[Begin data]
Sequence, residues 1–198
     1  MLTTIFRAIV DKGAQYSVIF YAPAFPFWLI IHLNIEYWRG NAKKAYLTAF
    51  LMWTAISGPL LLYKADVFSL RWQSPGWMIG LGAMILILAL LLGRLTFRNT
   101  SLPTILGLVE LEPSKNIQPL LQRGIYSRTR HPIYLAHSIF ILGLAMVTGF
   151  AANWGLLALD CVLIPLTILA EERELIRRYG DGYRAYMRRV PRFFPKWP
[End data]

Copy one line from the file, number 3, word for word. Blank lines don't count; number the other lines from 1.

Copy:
    51  LMWTAISGPL LLYKADVFSL RWQSPGWMIG LGAMILILAL LLGRLTFRNT